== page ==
Posted by: Kathryn Hulick | February 20, 2008

Dutch Island

Jamestown, Rhode Island. July 14, 2007.

Chad and Ridge Sillhouette

This is the first chapter of the children’s novel I’m currently writing.

“Do you ever see things out of the corner of your eye? Like a flash of light, or a shimmer of movement, but when you turn to look, nothing’s there?” Nora spoke in a whisper, her figure silhouetted against the pale peach of the evening sky over the bay. Aaron didn’t answer but she knew he was listening. “Sometimes I hear things, too. Like a bell from really far away, or faint music but when I hold my breath and strain my ears, it goes away.”

Aaron nodded. He was watching the strip of land across the bay. Dutch Island. On the northern edge, a lone wall of arched windows rose above the trees. The rest of the structure had fallen brick by brick into the underbrush years before Aaron and Nora’s great grandparents had laid eyes on their plot of ocean-side property in Jamestown, Rhode Island.

“There was something there. I saw it. It was the third window from the right.” A light had blinked three times, there where a wall separated sky from sky. Nora pulled her knees into her chest and sat with her chin resting on top. A lock of blue hair fell in front of her eyes. She barely felt the rough stone against her callused bare feet as she sat beside her favorite cousin at the pinnacle of the largest rock on this side of the bay. It stood sentinel over the waterfront; a giant boulder perched like a stone head on a huge, sloping base. Scamper up the slope, and they could sit on top, feet dangling over nothing, king and queen of the world.

“It’s the unicorns,” she said. “The movement, the bells, the light you saw. It has to be them.”

The unicorns she meant weren’t horses that happened to have horns growing out of their heads, or even the pink and glittery cartoon creatures most little girls love. These unicorns were different, and Nora guarded their fragile existence. She’d let them into the world in the first place, years ago, when she’d told Aaron about their slender, deer-like bodies, eyes deep as midnight pools, and horns of melted starlight.

“But they were never real. Just stuff we made up. Kid stuff.” Aaron was tall for a thirteen year old, with thick dark hair, muscular arms and legs, and deep-set eyes. His voice had already changed, but Nora could hear through it to the stubborn child trapped inside. She was a month older than him, but still looked about ten. Except for that one lock of blue hair in the midst of the blonde.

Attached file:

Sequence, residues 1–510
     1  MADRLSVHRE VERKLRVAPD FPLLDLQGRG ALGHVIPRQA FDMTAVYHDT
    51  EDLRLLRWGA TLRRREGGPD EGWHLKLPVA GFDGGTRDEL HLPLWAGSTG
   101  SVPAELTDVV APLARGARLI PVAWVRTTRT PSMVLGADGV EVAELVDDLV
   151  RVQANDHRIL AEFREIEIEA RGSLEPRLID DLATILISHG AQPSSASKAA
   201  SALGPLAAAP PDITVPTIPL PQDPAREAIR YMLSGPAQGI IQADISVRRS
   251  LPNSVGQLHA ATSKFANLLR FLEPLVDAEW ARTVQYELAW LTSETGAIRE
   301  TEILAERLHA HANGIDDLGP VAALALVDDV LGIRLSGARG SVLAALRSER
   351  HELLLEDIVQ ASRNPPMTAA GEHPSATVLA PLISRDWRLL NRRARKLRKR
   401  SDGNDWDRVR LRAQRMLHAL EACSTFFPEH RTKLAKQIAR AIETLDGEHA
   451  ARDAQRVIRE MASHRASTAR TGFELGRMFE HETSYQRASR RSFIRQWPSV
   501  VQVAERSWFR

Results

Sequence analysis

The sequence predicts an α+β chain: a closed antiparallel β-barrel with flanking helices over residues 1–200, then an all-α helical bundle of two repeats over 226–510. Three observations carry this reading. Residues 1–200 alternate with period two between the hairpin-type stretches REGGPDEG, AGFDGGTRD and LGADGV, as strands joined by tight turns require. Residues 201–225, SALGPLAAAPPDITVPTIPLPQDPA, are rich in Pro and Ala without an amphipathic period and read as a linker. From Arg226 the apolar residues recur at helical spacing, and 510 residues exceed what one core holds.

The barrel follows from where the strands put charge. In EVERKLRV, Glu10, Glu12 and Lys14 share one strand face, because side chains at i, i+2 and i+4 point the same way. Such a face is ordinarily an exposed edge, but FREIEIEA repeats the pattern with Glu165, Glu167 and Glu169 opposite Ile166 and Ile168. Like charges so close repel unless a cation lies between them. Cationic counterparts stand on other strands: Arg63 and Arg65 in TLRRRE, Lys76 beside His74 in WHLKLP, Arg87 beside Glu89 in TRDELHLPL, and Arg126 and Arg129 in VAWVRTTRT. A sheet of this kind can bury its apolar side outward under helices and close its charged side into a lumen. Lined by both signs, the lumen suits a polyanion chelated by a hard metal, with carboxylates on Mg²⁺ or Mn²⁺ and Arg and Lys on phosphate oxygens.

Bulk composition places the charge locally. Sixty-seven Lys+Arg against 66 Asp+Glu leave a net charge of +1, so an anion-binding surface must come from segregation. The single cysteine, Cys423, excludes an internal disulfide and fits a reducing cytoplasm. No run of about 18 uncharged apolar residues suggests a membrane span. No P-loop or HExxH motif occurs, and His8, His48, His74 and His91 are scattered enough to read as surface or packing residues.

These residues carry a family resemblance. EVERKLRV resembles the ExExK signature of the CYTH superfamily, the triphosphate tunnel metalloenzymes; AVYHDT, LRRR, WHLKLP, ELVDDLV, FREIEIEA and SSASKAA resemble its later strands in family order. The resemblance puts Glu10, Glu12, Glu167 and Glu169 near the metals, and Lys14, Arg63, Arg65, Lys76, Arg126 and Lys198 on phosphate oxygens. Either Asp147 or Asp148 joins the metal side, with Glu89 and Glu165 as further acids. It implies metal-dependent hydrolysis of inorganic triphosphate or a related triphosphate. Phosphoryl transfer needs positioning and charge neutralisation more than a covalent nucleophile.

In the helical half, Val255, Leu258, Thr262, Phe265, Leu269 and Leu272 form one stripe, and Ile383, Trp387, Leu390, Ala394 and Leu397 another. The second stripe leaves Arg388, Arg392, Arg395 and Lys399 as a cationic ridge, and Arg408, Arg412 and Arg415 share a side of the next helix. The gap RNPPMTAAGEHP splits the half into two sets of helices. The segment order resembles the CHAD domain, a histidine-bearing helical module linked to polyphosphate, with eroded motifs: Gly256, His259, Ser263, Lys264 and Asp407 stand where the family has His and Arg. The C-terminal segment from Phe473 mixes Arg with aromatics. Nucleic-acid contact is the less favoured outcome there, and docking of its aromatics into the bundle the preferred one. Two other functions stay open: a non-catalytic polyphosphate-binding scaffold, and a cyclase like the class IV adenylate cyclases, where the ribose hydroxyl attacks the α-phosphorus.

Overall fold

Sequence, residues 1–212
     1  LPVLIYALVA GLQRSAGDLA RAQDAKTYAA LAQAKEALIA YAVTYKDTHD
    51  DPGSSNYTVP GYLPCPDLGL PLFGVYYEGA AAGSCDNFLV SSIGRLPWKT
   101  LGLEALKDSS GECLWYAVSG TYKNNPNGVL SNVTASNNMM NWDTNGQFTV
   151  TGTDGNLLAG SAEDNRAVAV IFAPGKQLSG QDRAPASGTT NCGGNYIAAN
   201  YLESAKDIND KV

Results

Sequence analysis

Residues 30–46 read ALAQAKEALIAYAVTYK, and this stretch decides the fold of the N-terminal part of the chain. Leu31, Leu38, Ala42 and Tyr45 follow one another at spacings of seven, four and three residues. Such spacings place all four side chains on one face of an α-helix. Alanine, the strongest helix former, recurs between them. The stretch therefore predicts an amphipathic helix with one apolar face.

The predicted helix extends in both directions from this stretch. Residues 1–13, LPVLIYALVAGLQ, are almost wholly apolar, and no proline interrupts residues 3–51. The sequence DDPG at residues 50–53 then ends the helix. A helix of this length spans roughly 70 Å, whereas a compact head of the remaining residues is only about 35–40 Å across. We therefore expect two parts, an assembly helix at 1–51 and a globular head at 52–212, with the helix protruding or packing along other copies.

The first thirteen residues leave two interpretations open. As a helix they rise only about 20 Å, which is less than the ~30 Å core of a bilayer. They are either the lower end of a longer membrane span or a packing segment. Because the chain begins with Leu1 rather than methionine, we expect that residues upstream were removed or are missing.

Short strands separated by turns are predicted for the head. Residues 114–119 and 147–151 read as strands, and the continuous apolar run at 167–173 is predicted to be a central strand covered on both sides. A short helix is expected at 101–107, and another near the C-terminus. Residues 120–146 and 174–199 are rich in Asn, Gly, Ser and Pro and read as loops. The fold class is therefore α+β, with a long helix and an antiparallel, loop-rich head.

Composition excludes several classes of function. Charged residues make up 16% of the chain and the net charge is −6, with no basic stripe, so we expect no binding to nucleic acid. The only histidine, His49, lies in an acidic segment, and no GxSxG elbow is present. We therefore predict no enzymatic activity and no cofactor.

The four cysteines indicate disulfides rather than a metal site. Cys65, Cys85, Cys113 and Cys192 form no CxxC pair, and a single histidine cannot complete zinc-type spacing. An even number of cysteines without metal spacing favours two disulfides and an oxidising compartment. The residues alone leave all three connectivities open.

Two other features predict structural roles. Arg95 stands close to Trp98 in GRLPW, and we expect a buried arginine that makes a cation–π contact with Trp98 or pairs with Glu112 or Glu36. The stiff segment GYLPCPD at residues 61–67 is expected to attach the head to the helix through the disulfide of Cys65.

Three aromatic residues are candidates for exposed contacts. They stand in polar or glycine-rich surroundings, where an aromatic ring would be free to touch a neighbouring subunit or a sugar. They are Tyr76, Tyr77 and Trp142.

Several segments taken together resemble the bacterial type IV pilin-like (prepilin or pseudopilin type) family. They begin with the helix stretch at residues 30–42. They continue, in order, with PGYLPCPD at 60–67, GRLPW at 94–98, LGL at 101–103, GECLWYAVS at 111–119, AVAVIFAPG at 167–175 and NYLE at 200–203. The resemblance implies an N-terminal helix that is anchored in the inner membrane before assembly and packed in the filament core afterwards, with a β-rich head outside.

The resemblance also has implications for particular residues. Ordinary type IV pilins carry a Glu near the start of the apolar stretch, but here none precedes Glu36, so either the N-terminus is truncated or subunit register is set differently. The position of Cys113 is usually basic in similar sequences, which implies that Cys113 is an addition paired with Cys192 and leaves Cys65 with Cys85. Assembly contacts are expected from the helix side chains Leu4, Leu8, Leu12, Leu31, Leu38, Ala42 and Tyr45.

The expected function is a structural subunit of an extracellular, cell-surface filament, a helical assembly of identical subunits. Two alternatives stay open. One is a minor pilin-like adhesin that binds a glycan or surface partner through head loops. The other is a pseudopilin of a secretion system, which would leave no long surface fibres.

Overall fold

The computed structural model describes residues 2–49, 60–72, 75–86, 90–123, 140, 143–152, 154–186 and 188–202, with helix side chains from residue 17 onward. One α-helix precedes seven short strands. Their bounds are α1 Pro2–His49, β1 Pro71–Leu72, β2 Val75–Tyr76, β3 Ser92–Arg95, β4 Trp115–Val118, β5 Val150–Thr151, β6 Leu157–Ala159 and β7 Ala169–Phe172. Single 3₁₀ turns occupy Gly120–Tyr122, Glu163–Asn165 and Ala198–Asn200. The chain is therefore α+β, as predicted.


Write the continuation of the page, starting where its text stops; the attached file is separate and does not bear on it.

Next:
“You still believe in them,” she said.

“Yeah? How do you know.”

“You keep looking over there. Like you’re going to see something in that wall again. If this is all just your imagination, why’d you call me out here?”

“Could be something else. Maybe someone’s camping out there.”

“That window is a hundred feet off the ground!”

“Well, maybe it was a helicopter.”

“You don’t really think that.”

“Ok, fine, it was a UFO.” He grinned. Nora smiled, but she didn’t laugh. She knew that he knew that this was serious.

They stayed on the rock as the sky cooled from orange to cream to pale blue and finally black. Nora and Aaron looked at each other. Let’s go? they were thinking, but then they both saw it, out of the corners of their eyes. A light across the bay. It was bright blue, as bright as a star, but too low against the island to be one. It flashed from that same window once, twice, three times. Nora let out her breath in a warm whoosh. She had been holding it.

“Wow,” she said.

Aaron nodded. “That’s it. That’s what I saw.”

They waited, two still, silent statues on sentinel rock, but the light did not return.

“It wants us to follow,” Nora muttered.

“What?”

“That light. The unicorns are calling and they want us to follow.” She stretched out her legs and let them dangle over the edge.

“If you say so.”

“I know so.”

Aaron knew better than to ask how she knew so. There would be no stopping her now. She looked like she wanted to leap off the rock and fly to the island.

“Nora, let’s go up to the house and talk.”

“But…”

“We can’t go over there now, in the dark. And it’s getting chilly out here.”

They climbed feet first down the smooth, sloping edge of stone. They didn’t need to see. Their bare toes and fingers knew sentinel rock better than any living room, yard or creaky old porch.

You had to go through the porch to get into the house. Of course he was there. He was humming something and waiting for them. Waiting to ruin everything.

Chapter 2

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